SSM Health Care traces its roots to 1872, when Mother Mary Odilia Berger and four other sisters came to St. Louis from Germany, after caring for sick and wounded soldiers during the Franco-Prussian War. Facing religious persecution in Germany, they came to the United States for two reasons: to preserve their call to live in religious community and to be of service to people in need. When they arrived in St. Louis on November 16, 1872, they had but $5 among them, and they began providing nursing care to people in their own homes. That winter, when a smallpox epidemic hit St. Louis, the sisters cared for the sick and dying. For a short time, people referred to them as the Smallpox Sisters. In 1874, the congregation received its formal name: the Sisters of St. Mary (SSM). They were so named because their convent shared a door with St. Mary of Victories Church in downtown St. Louis.
In 1877, the Sisters borrowed the then enormous sum of $16,000 to open their first hospital -- St. Mary's Infirmary -- just southwest of today's downtown St. Louis. The following year, when yellow fever broke out in Canton, Mississippi and Memphis, Tennessee, Mother Odilia sent 13 sisters – more than one-third of the congregation at the time -- to care for the sick. Of those, five sisters died, all of them under 30. In 1880, just days after the congregation that she founded received official recognition from the Catholic Church, Mother Odilia died.
In 1894, seven sisters, led by Sister Mary Augustine Giesen, organized themselves as a separate religious congregation, the Sisters of St. Francis of Maryville, Missouri (OSF). They gave special attention to health care in rural areas, and, in 1898, established St. Anthony Hospital, the first hospital in the Oklahoma Territory. In 1987, the Sisters of St. Mary and the Sisters of St. Francis reunited to form a new religious congregation: the Franciscan Sisters of Mary (FSM). The congregation sponsors SSM Health Care to this day.
Prior to 1985, most of the health care facilities that today belong to SSM Health Care were part of a group of hospitals owned by the Sisters and centrally governed, but not centrally managed. In the mid-1980s, the sponsoring congregation decided to reorganize its hospitals into a system of centrally managed health care providers, and SSM Health Care was created. The system is managed by a team of professionals -- both lay and religious -- and governed by members of the sponsoring congregation as well as by laypersons from the communities served by its facilities.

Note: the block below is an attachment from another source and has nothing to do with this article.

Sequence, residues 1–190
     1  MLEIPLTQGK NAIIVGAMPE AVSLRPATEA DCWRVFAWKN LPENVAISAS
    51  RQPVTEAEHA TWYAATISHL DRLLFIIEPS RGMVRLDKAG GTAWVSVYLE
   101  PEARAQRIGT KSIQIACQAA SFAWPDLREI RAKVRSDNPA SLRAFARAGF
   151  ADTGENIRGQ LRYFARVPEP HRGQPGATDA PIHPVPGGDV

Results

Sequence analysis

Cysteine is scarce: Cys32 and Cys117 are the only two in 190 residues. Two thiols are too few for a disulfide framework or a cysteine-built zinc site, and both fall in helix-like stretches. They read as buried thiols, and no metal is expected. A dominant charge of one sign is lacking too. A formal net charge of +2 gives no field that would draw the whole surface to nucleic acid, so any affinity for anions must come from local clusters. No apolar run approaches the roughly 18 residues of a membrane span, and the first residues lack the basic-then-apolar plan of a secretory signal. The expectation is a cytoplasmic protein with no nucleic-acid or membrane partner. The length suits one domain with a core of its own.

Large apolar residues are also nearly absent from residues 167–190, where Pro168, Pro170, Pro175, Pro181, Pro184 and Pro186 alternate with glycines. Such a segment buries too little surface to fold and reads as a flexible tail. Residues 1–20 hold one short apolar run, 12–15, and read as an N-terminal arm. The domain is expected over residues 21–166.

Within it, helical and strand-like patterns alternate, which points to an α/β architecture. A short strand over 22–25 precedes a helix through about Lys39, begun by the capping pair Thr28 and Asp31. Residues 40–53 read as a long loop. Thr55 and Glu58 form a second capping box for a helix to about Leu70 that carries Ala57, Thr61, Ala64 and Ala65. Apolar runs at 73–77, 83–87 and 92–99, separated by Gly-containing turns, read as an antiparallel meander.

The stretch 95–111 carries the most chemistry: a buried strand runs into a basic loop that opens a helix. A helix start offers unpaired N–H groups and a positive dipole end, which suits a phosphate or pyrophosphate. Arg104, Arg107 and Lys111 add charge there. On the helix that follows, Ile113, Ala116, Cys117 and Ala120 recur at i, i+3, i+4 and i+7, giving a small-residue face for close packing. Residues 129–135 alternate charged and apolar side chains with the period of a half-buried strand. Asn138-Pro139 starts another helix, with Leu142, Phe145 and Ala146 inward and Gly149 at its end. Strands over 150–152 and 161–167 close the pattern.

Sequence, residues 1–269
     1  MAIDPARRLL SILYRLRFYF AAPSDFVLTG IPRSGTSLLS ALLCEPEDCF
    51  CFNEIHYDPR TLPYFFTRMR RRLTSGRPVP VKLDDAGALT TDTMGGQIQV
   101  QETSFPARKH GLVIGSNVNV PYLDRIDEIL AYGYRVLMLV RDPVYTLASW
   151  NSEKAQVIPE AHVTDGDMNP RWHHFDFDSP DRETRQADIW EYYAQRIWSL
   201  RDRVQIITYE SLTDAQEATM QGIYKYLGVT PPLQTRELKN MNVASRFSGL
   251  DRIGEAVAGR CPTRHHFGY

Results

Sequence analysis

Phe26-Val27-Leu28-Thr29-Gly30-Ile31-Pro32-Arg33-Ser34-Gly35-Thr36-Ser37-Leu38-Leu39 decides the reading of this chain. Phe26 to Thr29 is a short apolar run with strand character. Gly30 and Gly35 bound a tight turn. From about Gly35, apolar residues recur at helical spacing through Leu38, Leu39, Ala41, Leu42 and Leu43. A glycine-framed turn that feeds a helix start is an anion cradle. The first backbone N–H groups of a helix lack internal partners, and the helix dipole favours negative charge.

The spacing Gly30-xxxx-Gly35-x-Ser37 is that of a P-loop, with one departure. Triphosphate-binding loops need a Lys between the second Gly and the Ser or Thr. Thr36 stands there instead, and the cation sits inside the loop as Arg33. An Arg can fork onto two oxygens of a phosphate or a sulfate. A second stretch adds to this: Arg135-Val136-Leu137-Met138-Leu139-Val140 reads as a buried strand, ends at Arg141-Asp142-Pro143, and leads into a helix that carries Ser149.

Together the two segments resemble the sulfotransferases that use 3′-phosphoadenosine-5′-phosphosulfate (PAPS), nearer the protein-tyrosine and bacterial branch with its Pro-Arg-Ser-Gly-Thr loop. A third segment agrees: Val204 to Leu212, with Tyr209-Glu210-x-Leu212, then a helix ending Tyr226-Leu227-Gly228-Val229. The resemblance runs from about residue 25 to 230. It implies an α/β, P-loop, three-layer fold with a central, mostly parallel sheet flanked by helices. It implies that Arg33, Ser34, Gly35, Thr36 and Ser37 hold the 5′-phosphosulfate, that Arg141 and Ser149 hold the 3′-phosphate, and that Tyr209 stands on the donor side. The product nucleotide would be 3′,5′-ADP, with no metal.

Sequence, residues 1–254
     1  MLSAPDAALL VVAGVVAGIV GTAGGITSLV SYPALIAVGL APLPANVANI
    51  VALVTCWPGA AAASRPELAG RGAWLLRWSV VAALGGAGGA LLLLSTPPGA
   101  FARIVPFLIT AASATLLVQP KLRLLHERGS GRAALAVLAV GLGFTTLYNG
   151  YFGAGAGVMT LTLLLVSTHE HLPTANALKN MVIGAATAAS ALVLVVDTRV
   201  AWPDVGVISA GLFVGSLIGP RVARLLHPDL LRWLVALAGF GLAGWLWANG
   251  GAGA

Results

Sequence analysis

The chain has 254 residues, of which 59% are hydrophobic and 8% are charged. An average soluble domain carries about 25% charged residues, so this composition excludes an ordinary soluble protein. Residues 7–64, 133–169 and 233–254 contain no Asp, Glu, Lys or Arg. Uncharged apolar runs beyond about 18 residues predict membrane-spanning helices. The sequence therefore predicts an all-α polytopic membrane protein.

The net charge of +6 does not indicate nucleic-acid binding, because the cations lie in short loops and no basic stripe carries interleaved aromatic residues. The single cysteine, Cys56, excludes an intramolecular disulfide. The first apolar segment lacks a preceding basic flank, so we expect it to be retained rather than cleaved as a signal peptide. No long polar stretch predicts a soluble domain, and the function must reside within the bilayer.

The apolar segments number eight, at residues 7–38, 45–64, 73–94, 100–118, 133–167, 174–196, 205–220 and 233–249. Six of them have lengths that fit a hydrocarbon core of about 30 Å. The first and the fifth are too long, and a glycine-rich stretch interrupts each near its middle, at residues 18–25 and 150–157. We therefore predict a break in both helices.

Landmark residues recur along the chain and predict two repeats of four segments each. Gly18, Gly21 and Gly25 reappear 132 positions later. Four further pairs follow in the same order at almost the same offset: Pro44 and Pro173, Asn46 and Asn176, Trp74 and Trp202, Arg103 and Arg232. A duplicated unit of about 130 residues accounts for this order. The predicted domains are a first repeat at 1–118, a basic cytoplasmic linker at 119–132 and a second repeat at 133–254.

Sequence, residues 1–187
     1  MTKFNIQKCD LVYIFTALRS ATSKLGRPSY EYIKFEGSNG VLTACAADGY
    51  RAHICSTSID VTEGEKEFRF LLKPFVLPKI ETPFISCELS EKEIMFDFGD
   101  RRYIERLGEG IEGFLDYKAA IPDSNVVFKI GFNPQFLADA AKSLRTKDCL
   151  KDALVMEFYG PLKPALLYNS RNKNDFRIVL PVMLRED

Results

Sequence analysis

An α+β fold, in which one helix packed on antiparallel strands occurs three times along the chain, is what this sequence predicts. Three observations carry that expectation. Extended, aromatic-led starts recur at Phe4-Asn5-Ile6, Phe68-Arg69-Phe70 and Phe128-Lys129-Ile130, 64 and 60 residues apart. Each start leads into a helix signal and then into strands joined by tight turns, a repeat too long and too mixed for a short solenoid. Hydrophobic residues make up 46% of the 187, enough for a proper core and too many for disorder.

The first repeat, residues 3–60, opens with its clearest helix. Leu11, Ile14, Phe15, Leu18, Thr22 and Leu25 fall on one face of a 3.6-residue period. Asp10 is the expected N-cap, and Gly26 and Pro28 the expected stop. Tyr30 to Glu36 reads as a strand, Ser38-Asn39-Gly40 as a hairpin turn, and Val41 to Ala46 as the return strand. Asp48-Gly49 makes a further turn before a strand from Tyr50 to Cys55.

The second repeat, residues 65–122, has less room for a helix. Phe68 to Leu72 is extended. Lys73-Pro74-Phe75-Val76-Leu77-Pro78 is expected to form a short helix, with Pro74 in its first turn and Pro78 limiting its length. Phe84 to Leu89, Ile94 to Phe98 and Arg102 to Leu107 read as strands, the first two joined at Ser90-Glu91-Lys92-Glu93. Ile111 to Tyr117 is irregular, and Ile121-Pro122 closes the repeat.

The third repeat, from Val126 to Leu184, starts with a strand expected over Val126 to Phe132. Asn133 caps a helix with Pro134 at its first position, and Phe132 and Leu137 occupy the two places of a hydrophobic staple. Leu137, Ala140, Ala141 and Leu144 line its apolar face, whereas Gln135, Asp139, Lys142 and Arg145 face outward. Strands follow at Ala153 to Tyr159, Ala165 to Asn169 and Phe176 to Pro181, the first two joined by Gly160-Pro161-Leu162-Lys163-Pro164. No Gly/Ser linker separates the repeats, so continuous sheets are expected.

In 1986, Sr. Mary Jean Ryan, FSM, became the first President/CEO of SSM Health Care. Her administration has focused on three key themes: constant improvement through continuous quality improvement, nonviolence as expressed through preservation of the earth’s resources, and diversity. In 1999, following a year-long process that involved nearly 3,000 employees at every level of the organization and at every facility, SSM Health Care adopted a single 13-word mission statement for the entire system: “Through our exceptional health care services, we reveal the healing presence of God.” Accompanying that mission are five values the organization holds dear: Compassion, Respect, Excellence, Stewardship, Community.
Today, SSMHC spans four states -- Missouri, Illinois, Wisconsin and Oklahoma – and includes four health networks -- SSMHC of Oklahoma, SSMHC of St. Louis, SSMHC of Wisconsin and St. Mary's-Good Samaritan, Inc. (southern Illinois). The system has 20 hospitals, two nursing homes, rehab, home care, an information center and a host of additional health-related services. Nearly 5,000 affiliated physicians, 24,000 employees and 5,000 volunteers work together to provide exceptional health care services.
In 2002, SSM Health Care became the first health care organization in history to receive the Malcolm Baldrige National Quality Award, the nation’s highest award for quality.